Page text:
The best pickup truck for you depends on your needs. Whether you’re a contractor just starting out, or just love the aesthetic of driving a truck, it’s critical to do your research before buying. At Ratehub.ca, we pride ourselves on helping you choose better. While our focus is on personal finance products like mortgages, credit cards, investments, and insurance, it’s also fun to compare products that affect our everyday finances like buying a great pickup truck.
For those reasons, we put together the best trucks in Canada buying guide. We take the best pickup trucks and then break it down by cost categories including base price, fuel efficiency, and car insurance.
- Skip to: The Best selling pickup trucks in Canada
- Skip to: 10 cheapest trucks in Canada
- Skip to: Most fuel-efficient trucks in Canada
- Skip to: Cheapest trucks to insure in Canada
- Skip to: Safest trucks in Canada
- Skip to: Best pickup truck to buy in Canada
A quick note: Typically, all trucks have a base model and then you can upgrade the cab size (seating capacity) and box, or bed, size. You can also increase the load and towing capacity. Previously the F150 was a half ton capacity, F250 was ¾ ton, and F350 was a one ton capacity. It’s not true anymore, but it clarifies the idea. At this time, In the interest of brevity and clarity, we compared the base model of pickup trucks.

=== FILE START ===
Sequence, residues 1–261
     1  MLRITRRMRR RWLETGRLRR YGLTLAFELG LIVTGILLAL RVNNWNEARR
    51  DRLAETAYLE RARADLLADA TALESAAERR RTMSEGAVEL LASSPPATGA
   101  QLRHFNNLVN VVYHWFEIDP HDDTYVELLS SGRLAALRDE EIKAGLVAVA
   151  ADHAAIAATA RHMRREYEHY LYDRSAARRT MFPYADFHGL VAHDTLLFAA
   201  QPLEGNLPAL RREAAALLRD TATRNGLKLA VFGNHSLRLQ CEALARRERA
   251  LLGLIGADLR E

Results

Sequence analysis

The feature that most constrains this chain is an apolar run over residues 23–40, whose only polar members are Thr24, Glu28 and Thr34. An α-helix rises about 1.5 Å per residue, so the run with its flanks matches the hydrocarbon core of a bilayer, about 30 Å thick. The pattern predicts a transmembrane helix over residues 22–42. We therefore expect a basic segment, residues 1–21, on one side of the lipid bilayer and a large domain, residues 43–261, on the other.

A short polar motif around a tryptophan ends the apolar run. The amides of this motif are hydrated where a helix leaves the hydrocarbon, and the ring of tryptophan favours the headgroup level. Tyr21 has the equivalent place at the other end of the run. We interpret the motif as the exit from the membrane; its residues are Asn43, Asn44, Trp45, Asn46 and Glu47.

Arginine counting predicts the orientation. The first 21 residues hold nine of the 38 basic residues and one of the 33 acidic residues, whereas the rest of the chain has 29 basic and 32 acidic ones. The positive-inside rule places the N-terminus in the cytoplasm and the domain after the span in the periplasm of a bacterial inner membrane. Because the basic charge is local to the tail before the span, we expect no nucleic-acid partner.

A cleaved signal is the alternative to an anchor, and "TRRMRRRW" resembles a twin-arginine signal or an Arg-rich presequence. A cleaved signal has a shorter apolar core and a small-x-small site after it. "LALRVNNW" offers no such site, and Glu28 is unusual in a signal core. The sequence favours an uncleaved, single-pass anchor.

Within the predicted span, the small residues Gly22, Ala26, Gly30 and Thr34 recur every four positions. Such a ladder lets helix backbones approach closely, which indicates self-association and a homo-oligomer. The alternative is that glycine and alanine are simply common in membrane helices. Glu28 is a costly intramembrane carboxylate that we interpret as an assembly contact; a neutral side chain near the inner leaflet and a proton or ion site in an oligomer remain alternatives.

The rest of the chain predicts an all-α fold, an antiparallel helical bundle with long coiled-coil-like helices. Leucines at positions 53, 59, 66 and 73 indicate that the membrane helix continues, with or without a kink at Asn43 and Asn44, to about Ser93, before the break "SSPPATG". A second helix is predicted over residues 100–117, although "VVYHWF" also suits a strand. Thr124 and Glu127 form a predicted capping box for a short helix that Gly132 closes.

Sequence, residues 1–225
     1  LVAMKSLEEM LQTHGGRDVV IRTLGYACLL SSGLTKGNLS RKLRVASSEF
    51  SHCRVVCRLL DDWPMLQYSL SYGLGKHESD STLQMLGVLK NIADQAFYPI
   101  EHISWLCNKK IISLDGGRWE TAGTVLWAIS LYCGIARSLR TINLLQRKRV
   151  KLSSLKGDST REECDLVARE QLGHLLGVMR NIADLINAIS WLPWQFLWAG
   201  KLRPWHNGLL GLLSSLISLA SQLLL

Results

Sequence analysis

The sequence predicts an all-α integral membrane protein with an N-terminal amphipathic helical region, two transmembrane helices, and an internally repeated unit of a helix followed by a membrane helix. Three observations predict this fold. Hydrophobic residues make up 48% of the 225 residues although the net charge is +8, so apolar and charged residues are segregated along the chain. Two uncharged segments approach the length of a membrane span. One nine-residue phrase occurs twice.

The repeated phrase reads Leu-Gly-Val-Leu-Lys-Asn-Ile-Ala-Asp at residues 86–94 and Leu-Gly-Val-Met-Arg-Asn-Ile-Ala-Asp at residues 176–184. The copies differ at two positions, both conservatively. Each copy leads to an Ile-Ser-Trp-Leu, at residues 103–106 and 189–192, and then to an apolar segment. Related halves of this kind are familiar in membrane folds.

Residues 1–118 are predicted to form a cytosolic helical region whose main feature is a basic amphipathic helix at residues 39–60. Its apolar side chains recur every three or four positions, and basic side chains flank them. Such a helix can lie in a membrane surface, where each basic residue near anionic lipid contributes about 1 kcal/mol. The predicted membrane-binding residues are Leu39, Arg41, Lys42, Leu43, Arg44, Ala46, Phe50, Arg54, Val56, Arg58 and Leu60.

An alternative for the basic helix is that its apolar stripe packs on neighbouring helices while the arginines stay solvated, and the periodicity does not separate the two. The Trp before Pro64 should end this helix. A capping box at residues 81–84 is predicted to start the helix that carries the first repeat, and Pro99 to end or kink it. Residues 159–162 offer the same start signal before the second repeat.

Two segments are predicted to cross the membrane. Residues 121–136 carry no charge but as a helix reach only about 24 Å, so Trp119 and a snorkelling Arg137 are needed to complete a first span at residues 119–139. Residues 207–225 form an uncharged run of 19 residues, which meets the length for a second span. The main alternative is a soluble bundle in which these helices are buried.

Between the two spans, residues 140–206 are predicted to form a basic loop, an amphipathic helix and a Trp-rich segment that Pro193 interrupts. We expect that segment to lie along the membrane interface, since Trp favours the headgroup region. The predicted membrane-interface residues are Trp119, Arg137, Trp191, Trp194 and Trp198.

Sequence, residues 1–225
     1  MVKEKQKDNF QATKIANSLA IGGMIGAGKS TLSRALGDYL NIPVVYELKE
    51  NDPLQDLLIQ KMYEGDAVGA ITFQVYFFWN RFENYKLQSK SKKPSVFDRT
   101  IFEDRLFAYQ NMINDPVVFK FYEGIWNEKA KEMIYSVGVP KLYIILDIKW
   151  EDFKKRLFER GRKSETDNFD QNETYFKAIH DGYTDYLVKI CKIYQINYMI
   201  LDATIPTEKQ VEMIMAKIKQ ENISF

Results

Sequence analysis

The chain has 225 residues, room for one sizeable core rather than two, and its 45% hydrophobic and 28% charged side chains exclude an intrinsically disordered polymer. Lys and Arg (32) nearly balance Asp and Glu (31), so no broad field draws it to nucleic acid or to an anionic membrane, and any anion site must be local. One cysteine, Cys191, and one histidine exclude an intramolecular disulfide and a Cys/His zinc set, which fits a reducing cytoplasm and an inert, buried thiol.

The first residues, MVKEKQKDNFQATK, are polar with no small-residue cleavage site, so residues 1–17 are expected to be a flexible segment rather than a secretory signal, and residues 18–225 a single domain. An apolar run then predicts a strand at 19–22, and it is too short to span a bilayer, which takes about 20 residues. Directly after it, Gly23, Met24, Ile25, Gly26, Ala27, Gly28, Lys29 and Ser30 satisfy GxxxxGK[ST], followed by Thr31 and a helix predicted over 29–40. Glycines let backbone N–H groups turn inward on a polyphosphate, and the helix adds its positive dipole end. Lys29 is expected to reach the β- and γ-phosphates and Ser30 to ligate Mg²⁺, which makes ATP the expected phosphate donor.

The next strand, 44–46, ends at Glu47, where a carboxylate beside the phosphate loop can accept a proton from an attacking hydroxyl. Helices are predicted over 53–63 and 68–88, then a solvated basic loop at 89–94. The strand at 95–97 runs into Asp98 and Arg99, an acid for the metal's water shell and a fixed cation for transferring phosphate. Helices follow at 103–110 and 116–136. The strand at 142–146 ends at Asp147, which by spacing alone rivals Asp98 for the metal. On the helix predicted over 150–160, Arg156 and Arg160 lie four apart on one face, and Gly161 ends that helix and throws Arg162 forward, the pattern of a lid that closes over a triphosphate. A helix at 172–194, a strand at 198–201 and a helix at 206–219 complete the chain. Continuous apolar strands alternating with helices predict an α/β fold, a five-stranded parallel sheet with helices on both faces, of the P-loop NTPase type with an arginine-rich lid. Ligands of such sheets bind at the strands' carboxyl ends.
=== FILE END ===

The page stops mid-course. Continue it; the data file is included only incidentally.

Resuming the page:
We’re not comparing F-150 vs. F-250, we’re comparing Ford F-series vs. Ram Pickup. We’re comparing the best pickup trucks – and you can build, modify, and customize your chosen brand of truck from there.
Top 10 best selling trucks in Canada
|Model||2019 Sales||YTD Change|
*according to goodcarbadcar.net
Now, if you’re looking for the Honda Ridgeline, Jeep Gladiator, or Nissan Titan – know that they just missed cracking the top ten pickup trucks. At this time, the year-to-date (YTD) in sales are down across the board, except for the Ram pickup. I would chalk this up to a slow down in overall truck sales in 2019 vs. 2018.
Anyway, based on this list of the best selling trucks in 2019 for Canada, we finally get to dig deeper.
We’re going to compare each truck based on financial implications. Of course, we’ll also give you the honourable mentions just so you’re not missing out on any trucks.
First, let’s start by rearranging this best sellers list on price. Indeed, to keep our test fair, we’re going to look at the base model price. As you might have already guessed, the Toyota Tacoma is smaller than the Toyota Tundra, and so obviously that truck is cheaper.